PROGRESSIVE IMPAIRMENT OF LUNG IMMUNITY IN HIV INFECTION

Project: Research project

Description

DESCRIPTION Most patients with HIV infection will have an infectious pulmonary complication at some point during the course of their disease. However, these are usually a late manifestation of HIV infection, not appearing until CD4 counts fall well below 500 cells/ul and often below 200 cells/ul. HIV-infected patients frequently have an accumulation of CD8+ cytotoxic T lymphocytes (CTL) in the alveolar space which appears early and persists until late in their disease course when they are replaced by CD8+ suppressor cells. This switch heralds the rapid progression of end stage HIV disease and is associated with an increased incidence of pulmonary infections. The changing CD8+ population could reflect a shift in phenotype from CTL to suppressor cells under the influence of cytokines and cells in the alveolar space, expansion of the suppressor cell population, or loss of CTL. Any of these changes may be mediated by HIV itself or in concert with other organisms raising the intriguing possibility that pulmonary infections themselves can induce the switch from CTL to suppressor cells in the alveolar space. For this proposal they hypothesize that the fundamental change in the lung environment which leads to an AIDS defining pulmonary infection occurs when CD8+ CTL are replaced by CD8+ suppressor cells. They propose to address this hypothesis using an in vitro Mycobacterium tuberculosis infection model. They speculate that the switch is caused by a complex interplay between cytokines, cells, HIV and infectious organisms in the alveolar space. In this proposal they will 1. Examine changes in alveolar cell immune function in patients at different stages of HIV infection with regards to cytokine secretion and the induction of cellular immune responses, 2. Determine if these changes mediate the CD8+ CTL to suppressor cell switch through apoptosis of CTL, expansion of suppressor cells, or induction of a direct phenotypic switch from one cell type to the other, 3. Determine if the switch from CD8+ CTL CD8+ suppressor cells in the alveolar space impairs the ability to kill Mycobacterium tuberculosis, and 4. Determine if Mycobacterium tuberculosis can induce the CD8+ CTL to CD8+ suppressor cell switch through alteration of alveolar macrophage and T cell function, induction of CD8+ suppressor cell expansion, induction of CD8+ CTL apoptosis, and/or upregulation of HIV expression. Understanding mechanisms behind the change in the alveolar compartment in HIV-infected patients with advanced disease will contribute substantially to our understanding about late HIV infection and its attendant increase in pulmonary morbidity as well as offer suggestions on novel immune based therapeutic strategies.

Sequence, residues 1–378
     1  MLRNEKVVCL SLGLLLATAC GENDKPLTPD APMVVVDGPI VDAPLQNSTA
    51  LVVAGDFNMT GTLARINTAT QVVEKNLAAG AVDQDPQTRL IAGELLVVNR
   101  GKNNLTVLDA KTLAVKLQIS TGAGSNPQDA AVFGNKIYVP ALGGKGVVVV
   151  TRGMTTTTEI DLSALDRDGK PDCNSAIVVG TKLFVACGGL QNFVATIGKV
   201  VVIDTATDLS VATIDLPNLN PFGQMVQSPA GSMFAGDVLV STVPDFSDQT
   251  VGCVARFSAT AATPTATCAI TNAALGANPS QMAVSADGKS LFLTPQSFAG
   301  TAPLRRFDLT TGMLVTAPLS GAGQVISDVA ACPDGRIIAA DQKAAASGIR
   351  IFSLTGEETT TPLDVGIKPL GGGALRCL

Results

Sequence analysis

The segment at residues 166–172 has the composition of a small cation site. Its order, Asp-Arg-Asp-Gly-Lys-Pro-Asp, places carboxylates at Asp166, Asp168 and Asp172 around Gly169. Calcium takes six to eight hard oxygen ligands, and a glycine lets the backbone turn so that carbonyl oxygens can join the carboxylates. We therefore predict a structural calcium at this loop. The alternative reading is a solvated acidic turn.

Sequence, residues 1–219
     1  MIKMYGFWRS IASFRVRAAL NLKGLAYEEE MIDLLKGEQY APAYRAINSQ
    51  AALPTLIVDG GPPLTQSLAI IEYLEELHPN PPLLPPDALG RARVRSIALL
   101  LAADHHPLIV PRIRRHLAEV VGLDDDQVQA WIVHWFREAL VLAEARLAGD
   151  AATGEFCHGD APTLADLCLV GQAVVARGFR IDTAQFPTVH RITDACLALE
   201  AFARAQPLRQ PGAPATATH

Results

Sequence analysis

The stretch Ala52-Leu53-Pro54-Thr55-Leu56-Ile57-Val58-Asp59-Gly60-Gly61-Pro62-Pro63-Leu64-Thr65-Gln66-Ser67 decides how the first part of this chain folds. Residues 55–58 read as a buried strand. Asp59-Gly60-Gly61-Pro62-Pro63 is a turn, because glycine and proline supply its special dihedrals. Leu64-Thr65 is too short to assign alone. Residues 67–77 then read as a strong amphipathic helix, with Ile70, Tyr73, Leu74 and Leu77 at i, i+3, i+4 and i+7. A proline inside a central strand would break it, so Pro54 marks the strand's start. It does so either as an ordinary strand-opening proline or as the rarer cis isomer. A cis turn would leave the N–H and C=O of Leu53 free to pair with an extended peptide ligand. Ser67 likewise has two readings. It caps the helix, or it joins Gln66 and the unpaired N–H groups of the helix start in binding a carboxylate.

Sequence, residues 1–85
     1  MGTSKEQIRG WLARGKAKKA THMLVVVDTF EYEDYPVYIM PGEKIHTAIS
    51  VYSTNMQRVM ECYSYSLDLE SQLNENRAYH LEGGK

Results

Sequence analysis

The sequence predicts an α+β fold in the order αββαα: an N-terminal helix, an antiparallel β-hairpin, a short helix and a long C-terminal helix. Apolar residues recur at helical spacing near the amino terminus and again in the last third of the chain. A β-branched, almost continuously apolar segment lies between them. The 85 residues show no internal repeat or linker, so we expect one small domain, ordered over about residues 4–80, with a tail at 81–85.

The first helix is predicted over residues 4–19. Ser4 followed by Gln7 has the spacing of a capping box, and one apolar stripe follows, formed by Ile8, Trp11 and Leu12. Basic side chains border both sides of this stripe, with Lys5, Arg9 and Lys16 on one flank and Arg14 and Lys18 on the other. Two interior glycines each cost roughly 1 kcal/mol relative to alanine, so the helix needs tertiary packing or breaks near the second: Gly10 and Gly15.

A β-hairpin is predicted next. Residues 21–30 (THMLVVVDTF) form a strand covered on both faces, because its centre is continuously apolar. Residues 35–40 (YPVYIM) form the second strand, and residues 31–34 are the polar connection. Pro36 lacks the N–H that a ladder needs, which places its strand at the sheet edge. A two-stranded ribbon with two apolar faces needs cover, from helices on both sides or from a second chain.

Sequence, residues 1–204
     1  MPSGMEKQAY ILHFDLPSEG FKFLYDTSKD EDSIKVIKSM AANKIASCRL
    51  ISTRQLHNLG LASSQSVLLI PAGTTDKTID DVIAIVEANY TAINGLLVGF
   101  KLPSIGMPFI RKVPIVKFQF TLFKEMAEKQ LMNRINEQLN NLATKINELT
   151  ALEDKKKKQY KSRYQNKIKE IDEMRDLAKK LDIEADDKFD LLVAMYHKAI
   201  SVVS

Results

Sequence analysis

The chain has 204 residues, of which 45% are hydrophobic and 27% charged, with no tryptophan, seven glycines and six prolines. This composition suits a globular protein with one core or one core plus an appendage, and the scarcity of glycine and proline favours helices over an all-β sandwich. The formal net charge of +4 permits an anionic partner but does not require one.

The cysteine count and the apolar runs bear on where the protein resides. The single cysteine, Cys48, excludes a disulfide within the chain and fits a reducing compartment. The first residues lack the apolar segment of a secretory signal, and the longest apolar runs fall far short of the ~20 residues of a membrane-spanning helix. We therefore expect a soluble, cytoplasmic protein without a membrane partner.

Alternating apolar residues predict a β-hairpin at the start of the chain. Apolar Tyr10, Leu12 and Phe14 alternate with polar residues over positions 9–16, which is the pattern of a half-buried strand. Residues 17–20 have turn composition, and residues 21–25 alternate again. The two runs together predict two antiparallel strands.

StatusFinished
Effective start/end date7/10/986/30/04

Funding

  • National Institutes of Health: $245,194.00
  • National Institutes of Health: $241,330.00
  • National Institutes of Health: $241,422.00
  • National Institutes of Health
  • National Institutes of Health: $248,992.00

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HIV Infections
Cytotoxic T-Lymphocytes
Immunity
Lung
Alveolar Epithelial Cells
HIV
Mycobacterium tuberculosis
Cytokines
Infection
Apoptosis
Mycobacterium Infections
Alveolar Macrophages
CD4 Lymphocyte Count
Cellular Immunity
Population
Acquired Immunodeficiency Syndrome
Up-Regulation
Morbidity
T-Lymphocytes
Phenotype

ASJC

  • Medicine(all)